Farm Ireland

Wednesday 21 March 2018

OPW urged to provide farmers with with emergency funds after flooding

Heartache: Cllr Peter Roche beside a flooded field at the home of farmer Joe Fahy in Killererin, Co Galway. Photo: Ray Ryan.
Heartache: Cllr Peter Roche beside a flooded field at the home of farmer Joe Fahy in Killererin, Co Galway. Photo: Ray Ryan.

Tom Gilmore and Caitriona Murphy

Farmers all over the country have been left counting the cost of high winds and flooding as Ireland was battered by storms.

Gale-force winds knocked down trees, power lines and damaged farm buildings in almost all counties over the past week, while heavy rain flooded large tracts of land.

Data from Met éireann showed that rainfall levels reached more than three times normal last week, while several more inches of rain are forecast for the coming days.

Weather stations in Oakpark in Co Carlow and Roches Point in Co Cork recorded between two and three inches of rain, equating to more than 300pc of normal levels for the time of year.

However, stations at Valentia and Cork airport recorded even more rain, amounting to three-and-a-half inches last week.

Farm buildings in the Abbeyknockmoy and Killererin areas of north Galway were flooded and livestock evacuated to neighbouring farms and sheds in recent days.

Farmer Joe Fahy from Killererin lost his year's supply of turf when his sheds were flooded and he was forced to move his cattle from the slatted house as the floodwaters rose. He is now travelling two miles twice a day to a slatted shed donated by a neighbour.

Galway county councillor Peter Roche has called for flood relief measures or compensation to be made available to farmers whose sheds and slatted houses were damaged.

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Cllr Roche called on the Office of Public Works (OPW) and local authorities to fund new drainage procedures or compensate the farmers.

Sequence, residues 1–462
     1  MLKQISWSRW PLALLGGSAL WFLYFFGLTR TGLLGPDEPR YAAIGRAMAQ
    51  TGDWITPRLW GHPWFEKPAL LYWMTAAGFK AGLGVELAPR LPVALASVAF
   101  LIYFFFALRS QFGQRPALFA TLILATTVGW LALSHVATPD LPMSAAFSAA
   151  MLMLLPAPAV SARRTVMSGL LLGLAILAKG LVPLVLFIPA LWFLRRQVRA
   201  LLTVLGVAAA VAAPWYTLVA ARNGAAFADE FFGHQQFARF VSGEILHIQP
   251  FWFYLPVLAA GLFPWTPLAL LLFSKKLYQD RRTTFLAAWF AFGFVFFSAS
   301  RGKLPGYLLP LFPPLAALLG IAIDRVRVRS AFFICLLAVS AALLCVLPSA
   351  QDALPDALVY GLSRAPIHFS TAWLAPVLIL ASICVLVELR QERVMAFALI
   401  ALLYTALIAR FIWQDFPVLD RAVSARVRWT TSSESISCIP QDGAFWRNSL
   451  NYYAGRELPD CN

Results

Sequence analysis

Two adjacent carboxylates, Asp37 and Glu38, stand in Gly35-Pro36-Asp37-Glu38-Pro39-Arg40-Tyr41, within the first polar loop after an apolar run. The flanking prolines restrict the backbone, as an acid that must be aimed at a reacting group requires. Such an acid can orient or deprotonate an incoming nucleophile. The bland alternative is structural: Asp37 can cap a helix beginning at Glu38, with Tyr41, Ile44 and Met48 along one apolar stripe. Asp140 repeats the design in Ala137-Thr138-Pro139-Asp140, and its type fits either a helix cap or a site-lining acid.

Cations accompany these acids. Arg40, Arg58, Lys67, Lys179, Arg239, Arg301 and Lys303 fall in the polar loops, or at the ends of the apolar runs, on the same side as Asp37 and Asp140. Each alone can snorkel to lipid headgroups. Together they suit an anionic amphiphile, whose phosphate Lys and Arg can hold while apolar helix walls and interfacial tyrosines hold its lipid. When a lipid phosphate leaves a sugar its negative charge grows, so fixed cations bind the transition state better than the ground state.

He said emergency funds had been made available in the past to repair homes, and the scheme should be extended to fund new drainage procedures in areas around farm buildings that are prone to flooding.

"While I appreciate that funds have been made available for repairs to flood-damaged homes I feel that it is now time for the OPW or local authorities to extend funding to cover measures being put in place that would help alleviate flooding at some farm buildings.

"In some instances a small amount of money being made available to dig channels and drains may be all that is needed and unless this happens, many farmers will be forced out of business by the floods," he concluded.

The north Kerry area around Lixnaw also suffered during the last two weeks, according to local dairy farmer, Kevin Galvin.

"We'd never seen the likes of the wind before, especially what we experienced on St Stephen's night," said Mr Galvin.

He estimated that at least four farmers within two miles of his farm has seen their sheds suffer significant damage.

"It was only the older sheds that lost roofs or collapsed - none of the sheds built during the grant scheme were affected," he said.

He believes that a bigger problem may be the issue of getting slurry out when the spreading period re-opens next week.

"We got 220mm of rain during the month of December so ground is totally saturated now and there's no hope of it drying out enough between now and next week."

Richard Connel, who farms near Mizen Head said that farmers were coping with the weather reasonably well.

"There's been a couple of roadways washed away down along the Sheep's Head pennisula, but I think it was worse further up along the west coast," he said.

However, farmers in west Clare were not so lucky. James Griffin lost one of his yearlings when a wall in his shed collapsed in and broke the animal's leg.

"The sea breached a 6ft high stone bank and started pummelling the outer wall of the shed," explained Mr Griffin.

"We were lucky that more animals weren't hurt but they managed to burst open the gates on the shed with the fright they all got," he said.

Fellow Clare farmer, Pat O'Donoghue urged all farmers who have suffered serious losses from flood or wind damage to document everything and put it in writing to their local authority.

Irish Independent

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